July 27, 2014

cross-connect:

NeSpoon is a street artist from Warsaw, Poland. Her artistic focus is on the intricate patterns of lace, and breaking its granny stereotype by using it to beautify gritty urban spaces. NeSpoon calls her artistic approach the “jewellery of the public space”:

Jewellery makes people look pretty, my public jewellery has the same goal, make public places look better.

NeSpoon often uses the usual spray paint and stencils of enlarged lace patterns to produce her works on the street via

artist find at Lustik

(via lilmissjolly)

July 27, 2014
liartownusa:

Oh Christ, It’s This Asshole Again

liartownusa:

Oh Christ, It’s This Asshole Again

July 27, 2014

(Source: freeindie)

July 27, 2014
saturdaychores:

Saturday Chores #8, Saturday, July 26, 2014

saturdaychores:

Saturday Chores #8, Saturday, July 26, 2014

July 27, 2014
saturdaychores:

Saturday Chores #1, March 8, 2014
This was our very first counter-protest. It happened on a bit of a whim. There’s no big box hardware store very close to where we live, so Grayson and I were driving toward a suburb of Raleigh called Cary, which runs over with strip malls. I had gotten a gift card to Home Depot for my birthday, and we decided to get supplies for a garden box. We passed the clinic on the way.
Grayson and I both grew up not too far away, and we’ve seen the clinic in question hundreds of times. But for some reason, on this morning in particular, the protestors got under our skin a little more than normal. Grayson suggested that we make a sign that said “Weird Hobby” and point at one of the protestors. We tried to buy poster board at Home Depot, but they don’t carry it. As we were leaving, I ripped a vinyl sale sign off of a display and took a Sharpie to it. We posted the results to Instagram and Facebook, and people flipped. 
So, we vowed to continue our Saturday Chores. 

saturdaychores:

Saturday Chores #1, March 8, 2014

This was our very first counter-protest. It happened on a bit of a whim. There’s no big box hardware store very close to where we live, so Grayson and I were driving toward a suburb of Raleigh called Cary, which runs over with strip malls. I had gotten a gift card to Home Depot for my birthday, and we decided to get supplies for a garden box. We passed the clinic on the way.

Grayson and I both grew up not too far away, and we’ve seen the clinic in question hundreds of times. But for some reason, on this morning in particular, the protestors got under our skin a little more than normal. Grayson suggested that we make a sign that said “Weird Hobby” and point at one of the protestors. We tried to buy poster board at Home Depot, but they don’t carry it. As we were leaving, I ripped a vinyl sale sign off of a display and took a Sharpie to it. We posted the results to Instagram and Facebook, and people flipped.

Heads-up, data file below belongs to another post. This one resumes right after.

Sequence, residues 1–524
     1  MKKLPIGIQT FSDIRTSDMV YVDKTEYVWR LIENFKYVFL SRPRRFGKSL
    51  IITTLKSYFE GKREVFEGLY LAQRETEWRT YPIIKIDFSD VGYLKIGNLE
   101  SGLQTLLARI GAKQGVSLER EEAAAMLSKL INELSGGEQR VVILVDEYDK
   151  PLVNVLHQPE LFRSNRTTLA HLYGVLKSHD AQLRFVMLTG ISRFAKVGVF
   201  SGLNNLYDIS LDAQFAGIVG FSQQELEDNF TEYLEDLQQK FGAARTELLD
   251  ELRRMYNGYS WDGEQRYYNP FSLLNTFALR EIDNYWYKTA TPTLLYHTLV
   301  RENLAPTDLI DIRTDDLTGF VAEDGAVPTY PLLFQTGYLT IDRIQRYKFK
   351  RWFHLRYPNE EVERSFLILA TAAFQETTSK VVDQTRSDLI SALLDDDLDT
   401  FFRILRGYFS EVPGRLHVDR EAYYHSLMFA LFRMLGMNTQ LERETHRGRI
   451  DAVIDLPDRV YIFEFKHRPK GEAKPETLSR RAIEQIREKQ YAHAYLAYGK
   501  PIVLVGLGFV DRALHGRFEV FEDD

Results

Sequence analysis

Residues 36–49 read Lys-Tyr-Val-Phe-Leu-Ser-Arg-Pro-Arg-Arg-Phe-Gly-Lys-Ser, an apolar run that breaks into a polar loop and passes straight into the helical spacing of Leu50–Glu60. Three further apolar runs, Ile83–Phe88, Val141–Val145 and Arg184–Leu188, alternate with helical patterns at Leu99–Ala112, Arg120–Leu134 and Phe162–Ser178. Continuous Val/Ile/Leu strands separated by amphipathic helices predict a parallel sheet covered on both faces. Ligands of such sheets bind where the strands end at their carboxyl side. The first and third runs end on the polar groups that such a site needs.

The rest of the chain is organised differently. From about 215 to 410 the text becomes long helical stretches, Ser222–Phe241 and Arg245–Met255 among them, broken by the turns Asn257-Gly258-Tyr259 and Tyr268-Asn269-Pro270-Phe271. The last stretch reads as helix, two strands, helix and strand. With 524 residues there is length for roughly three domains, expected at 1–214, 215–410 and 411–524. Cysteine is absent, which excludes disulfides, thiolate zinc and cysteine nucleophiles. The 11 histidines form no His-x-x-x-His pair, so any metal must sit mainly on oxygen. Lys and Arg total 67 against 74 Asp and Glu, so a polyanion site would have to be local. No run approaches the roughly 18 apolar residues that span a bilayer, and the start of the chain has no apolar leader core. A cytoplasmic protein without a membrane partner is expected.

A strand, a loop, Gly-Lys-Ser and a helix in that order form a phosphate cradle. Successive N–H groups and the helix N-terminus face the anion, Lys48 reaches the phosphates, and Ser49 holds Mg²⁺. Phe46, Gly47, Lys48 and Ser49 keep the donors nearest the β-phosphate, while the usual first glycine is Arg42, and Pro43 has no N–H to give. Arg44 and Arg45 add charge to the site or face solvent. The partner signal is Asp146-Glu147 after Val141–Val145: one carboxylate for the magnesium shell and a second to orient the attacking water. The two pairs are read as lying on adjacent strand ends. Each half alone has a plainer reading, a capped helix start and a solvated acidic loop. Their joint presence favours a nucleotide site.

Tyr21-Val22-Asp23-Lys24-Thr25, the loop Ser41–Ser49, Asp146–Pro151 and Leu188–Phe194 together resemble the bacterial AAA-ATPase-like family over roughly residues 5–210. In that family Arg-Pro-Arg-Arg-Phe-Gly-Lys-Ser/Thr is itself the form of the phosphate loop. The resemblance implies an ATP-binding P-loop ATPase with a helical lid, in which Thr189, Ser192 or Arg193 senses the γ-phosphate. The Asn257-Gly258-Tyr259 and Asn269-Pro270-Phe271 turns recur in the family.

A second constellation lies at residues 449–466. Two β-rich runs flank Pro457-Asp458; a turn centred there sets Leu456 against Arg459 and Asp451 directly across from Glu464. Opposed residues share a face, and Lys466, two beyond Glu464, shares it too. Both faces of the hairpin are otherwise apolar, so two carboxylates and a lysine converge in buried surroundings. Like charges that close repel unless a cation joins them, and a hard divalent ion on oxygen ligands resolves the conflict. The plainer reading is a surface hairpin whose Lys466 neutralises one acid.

So, we vowed to continue our Saturday Chores. 

July 22, 2014
tastefullyoffensive:

[rachelspeaking]

tastefullyoffensive:

[rachelspeaking]

July 22, 2014
nprfreshair:

Today we’re playing an excerpt of Terry’s interview with Elaine Stritch, a performer lucky enough to have debuted songs by Noel Coward and Stephen Sondheim, and to have been coached by each of them.  She died last Thursday at the age of 89. 
Stritch used to describe herself as “a Catholic, diabetic, alcoholic, pain in the ass.”  Her Broadway career began in 1946.  She was Ethel Merman’s understudy in the Irving Berlin musical Call Me Madam in the early 50s, and starred in Noel Coward’s 1961 Broadway musical Sail Away, in a role that he expanded to suit her large talent.   In 1970 she co-starred in the Sondheim musical Company, where she sang what became one of her signature songs, The Ladies Who Lunch.  In 2002, she was on Broadway in her autobiographical one woman show Elaine Stritch At Liberty.   In 2010, she replaced Angela Lansbury in Sondheim’s A Little Night Music.  TV audiences knew her from 30 Rock playing Alec Baldwin’s mother. 
Terry spoke with Stritch in 1999, when she was starring in a revival of Sail Away, in honor of Noel Coward’s centennial. 

nprfreshair:

Today we’re playing an excerpt of Terry’s interview with Elaine Stritch, a performer lucky enough to have debuted songs by Noel Coward and Stephen Sondheim, and to have been coached by each of them.  She died last Thursday at the age of 89. 

Stritch used to describe herself as “a Catholic, diabetic, alcoholic, pain in the ass.”  Her Broadway career began in 1946.  She was Ethel Merman’s understudy in the Irving Berlin musical Call Me Madam in the early 50s, and starred in Noel Coward’s 1961 Broadway musical Sail Away, in a role that he expanded to suit her large talent.   In 1970 she co-starred in the Sondheim musical Company, where she sang what became one of her signature songs, The Ladies Who Lunch.  In 2002, she was on Broadway in her autobiographical one woman show Elaine Stritch At Liberty.   In 2010, she replaced Angela Lansbury in Sondheim’s A Little Night Music.  TV audiences knew her from 30 Rock playing Alec Baldwin’s mother. 

Terry spoke with Stritch in 1999, when she was starring in a revival of Sail Away, in honor of Noel Coward’s centennial. 

July 22, 2014
tastefullyoffensive:

[thejesskat]

tastefullyoffensive:

[thejesskat]

July 15, 2014

tastefullyoffensive:

[steve699] (more behind the gifs)

July 14, 2014
"The statements I made and repeated online and elsewhere over the past six months accusing Conor Oberst of raping me are 100% false…"

— Conor Oberst rape accuser admits she lied. (via stereogum)

I’m glad Conor can put this behind him.